A memorial stone has the words of Travis Roy inscribed at Little Fenway, a scaled-down version of the major league field in Essex, Vt. (Toby Talbot/AP)(BU)In 1995, Travis Roy was a promising 20-year-old hockey star. In this photo he lines up for a face-off, right before the accident that would change his life. Eleven seconds into the game, he cracked his fourth vertebra and was paralyzed from the neck down. (Courtesy)Travis Roy and Physical Therapist Stacey Hudjera share a lighter moment as Hudjera helps Roy out of his wheelchair and onto a therapy mat at Shepherd Spinal Center in Atlanta Tuesday, March 12, 1996. (Ric Feld/AP)Travis Roy cries and has his tears wiped away by his then girlfriend, Maija Langeland, as he speaks at his first public appearance Thursday, March 14, 1996 at the Shepherd Spinal Center in Atlanta. Roy broke down while describing how he broke his neck 11 seconds into his first college hockey game with Boston University. (Tannen Maury/AP)Paralyzed Boston University hockey player Travis Roy, center, makes his way down Boston's Commonweatlh Ave. carrying the Olympic Torch on his wheelchair while his father, Lee Roy, left, escorts Travis Saturday, June 15, 1996. The father and son carried the flame along a portion of the route of The Boston Marathon. (Steven Senne/AP)In 1997, with sportswriter (and fellow Cognoscenti contributor) E.M. Swift,  Travis Roy wrote his autobiography. "Eleven Seconds" chronicles his accident, rehabilitation, and perseverance through personal tragedy.Travis Roy's number, 24, was retired and raised to the rafters of BU's Walter Brown Arena on October 30, 1999. At left is his father, Lee. (Albert L'Etoile/BU)Travis speaks to elementary school students on Oct. 27, 2012. Kids' "questions are always unfiltered, which is great," Travis says. "Of course I got the 'how do you go to the bathroom' question, but there were other good ones too. Like, can I feel my stomach to know that I am hungry or full? How do I sleep? Would I trade not being paralyzed, for never having played hockey? Do I still have all my teeth? (Never got that question before)." (Facebook)Jeff Bauman, pictured here in the wheelchair, was captured in this now-iconic photo from the aftermath of the Boston Marathon bombings. Bauman lost both legs. (Charles Krupa/AP, File)Boston Marathon bombing victim Jeff Bauman gives a thumbs-up to the crowd as he is honored as the official flag-bearer prior to Game 2 of a first-round NHL hockey playoff series between the Boston Bruins and the Toronto Maple Leafs in Boston, Saturday, May 4, 2013. (Elise Amendola/AP)Adrianne Haslet, a professional ballroom dancer injured by one of the bombs that exploded near the Boston Marathon finish line, lifts her bandaged left leg in her bed at Spaulding Rehabilitation Hospital in Boston, Wednesday, April 24, 2013. Haslet, who lost her left foot and part of her lower leg, vows that she will dance again.  (Bizuayehu Tesfaye/AP)Aaron Hern, 11, of Martinez, Calif. visits the place where he was injured during the second bombing at the Boston Marathon finish line, Thursday, April 25, 2013. (Elise Amendola/AP)Heather Abbott, of Newport, R.I., smiles while taking questions from reporters during a news conference at Brigham and Women's Hospital, in Boston, Thursday, April 25, 2013. Abbott underwent a below the knee amputation during surgery on her left leg following injuries she sustained at the Boston Marathon bombings on April 15. (Steven Senne/AP)From left Alfred Colonese, Mick Henn, Dale Abbott, first lady Michelle Obama, Heather Abbott, Jason Geremia, and Michelle Dalrymple at Brigham and Women's Hospital in Boston, April 18, 2013. Heather Abbott was scrambling to get off the sidewalk when the force of the second blast blew her through the restaurant doorway. The day of the bombings, Abbott and a half-dozen friends took in the traditional Patriots' Day Red Sox game at Fenway Park. They left the match early and headed to Forum, where former New England Patriots were gathered to raise money for offensive guard Joe Andruzzi's cancer foundation, and where another friend was tending bar. (Courtesy of Alfred Colonese)Travis Roy, the namesake of the Travis Roy Foundation, sits by third base at "Little Fenway", which is modeled after Boston's Fenway Park, before a charity Wiffle Ball tournament to benefit the Foundation in Essex, Vt., on Friday, August 12, 2011. (Andy Duback/AP)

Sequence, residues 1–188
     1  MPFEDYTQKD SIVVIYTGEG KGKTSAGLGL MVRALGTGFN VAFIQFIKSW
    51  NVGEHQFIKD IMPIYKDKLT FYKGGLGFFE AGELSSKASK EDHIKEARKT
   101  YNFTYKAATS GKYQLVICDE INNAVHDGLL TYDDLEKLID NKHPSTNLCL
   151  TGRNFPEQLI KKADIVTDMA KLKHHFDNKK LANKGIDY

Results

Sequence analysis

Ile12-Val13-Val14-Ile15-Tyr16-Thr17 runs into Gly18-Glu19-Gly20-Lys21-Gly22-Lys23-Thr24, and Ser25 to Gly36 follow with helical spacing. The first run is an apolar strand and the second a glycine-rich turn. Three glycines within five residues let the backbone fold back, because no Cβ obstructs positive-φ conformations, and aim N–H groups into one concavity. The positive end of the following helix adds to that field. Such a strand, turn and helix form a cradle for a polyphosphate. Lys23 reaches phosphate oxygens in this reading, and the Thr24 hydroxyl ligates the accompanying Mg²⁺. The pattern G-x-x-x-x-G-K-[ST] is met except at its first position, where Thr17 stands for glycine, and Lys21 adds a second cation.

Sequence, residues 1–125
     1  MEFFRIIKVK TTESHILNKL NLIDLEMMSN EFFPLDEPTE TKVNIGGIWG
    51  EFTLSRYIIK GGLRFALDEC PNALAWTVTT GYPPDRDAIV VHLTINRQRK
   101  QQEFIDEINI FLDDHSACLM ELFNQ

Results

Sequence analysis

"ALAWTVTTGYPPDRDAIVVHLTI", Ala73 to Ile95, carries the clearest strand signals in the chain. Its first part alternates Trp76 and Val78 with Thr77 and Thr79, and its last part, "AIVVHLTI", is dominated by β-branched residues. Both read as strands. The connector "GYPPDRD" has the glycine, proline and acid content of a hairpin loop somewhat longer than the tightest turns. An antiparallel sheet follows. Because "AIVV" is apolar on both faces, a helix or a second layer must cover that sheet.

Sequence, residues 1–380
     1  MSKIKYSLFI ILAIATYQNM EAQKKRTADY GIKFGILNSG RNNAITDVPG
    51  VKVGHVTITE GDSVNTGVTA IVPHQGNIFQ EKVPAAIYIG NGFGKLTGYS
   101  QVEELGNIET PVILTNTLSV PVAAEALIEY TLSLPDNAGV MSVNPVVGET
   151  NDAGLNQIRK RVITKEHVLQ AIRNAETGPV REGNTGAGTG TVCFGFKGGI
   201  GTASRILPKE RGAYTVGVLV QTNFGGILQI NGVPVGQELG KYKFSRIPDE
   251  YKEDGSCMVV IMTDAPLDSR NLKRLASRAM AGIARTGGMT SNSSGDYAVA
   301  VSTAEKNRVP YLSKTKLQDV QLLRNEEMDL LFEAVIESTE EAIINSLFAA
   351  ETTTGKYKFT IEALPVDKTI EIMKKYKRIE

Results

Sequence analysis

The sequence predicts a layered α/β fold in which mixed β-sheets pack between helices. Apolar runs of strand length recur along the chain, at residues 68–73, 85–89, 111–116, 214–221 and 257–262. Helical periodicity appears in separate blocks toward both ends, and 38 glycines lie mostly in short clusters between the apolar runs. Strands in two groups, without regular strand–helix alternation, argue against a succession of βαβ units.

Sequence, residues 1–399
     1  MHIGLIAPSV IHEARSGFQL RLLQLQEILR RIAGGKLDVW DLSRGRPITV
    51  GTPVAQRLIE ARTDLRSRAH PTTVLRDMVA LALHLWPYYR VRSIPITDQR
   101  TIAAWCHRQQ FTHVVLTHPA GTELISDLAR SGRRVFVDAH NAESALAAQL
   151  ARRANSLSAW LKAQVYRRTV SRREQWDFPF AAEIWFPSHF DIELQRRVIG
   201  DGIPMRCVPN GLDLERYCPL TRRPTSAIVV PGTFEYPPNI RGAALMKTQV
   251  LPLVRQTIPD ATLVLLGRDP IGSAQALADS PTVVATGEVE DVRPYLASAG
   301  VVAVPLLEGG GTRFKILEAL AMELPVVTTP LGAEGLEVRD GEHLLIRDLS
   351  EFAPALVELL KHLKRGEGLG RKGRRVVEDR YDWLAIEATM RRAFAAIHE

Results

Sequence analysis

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Tags: Boston, Boston Marathon Bombings

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  • Mysticeti

    Well said Travis. Humans have an amazing ability to adapt, overcome, and be happy. Combined with today’s technology and medical advances the future is brighter than ever even if it doesn’t always seem that way in the immediate aftermath of tragedy.

  • http://www.facebook.com/profile.php?id=638964648 Julia Gulia

    Travis, I was a freshman at BU when this happened and I will never forget it. Your strength and courage should serve as an inspiration for others. Thank you for sharing your story and your emotions.